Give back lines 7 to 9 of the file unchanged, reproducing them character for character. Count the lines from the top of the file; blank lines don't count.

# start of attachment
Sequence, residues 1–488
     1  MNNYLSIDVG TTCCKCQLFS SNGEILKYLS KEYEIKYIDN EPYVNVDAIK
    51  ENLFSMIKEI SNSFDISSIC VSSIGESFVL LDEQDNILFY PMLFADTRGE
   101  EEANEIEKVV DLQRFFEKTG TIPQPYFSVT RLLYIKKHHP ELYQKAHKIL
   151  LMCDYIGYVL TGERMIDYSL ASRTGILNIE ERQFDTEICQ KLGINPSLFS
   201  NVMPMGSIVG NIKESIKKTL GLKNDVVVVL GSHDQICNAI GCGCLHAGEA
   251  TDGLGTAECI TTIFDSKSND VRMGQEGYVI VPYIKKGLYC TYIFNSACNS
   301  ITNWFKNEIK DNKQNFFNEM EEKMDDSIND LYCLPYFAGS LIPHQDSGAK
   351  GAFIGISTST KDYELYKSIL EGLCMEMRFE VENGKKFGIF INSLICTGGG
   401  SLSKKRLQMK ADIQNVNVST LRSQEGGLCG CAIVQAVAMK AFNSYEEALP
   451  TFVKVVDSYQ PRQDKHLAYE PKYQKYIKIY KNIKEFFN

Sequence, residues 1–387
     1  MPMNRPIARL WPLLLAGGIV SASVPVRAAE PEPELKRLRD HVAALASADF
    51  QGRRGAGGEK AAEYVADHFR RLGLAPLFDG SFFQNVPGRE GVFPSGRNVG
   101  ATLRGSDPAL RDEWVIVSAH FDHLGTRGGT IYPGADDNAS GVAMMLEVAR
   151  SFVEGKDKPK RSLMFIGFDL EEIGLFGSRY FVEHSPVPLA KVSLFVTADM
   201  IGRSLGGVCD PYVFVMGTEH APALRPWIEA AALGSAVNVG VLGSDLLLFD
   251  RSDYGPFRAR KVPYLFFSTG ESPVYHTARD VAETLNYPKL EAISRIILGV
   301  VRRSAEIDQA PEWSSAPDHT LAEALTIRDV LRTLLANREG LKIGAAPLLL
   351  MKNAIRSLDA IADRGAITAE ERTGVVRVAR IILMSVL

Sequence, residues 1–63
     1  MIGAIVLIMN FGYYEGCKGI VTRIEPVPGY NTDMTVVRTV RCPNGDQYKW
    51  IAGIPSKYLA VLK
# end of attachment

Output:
   251  TDGLGTAECI TTIFDSKSND VRMGQEGYVI VPYIKKGLYC TYIFNSACNS
   301  ITNWFKNEIK DNKQNFFNEM EEKMDDSIND LYCLPYFAGS LIPHQDSGAK
   351  GAFIGISTST KDYELYKSIL EGLCMEMRFE VENGKKFGIF INSLICTGGG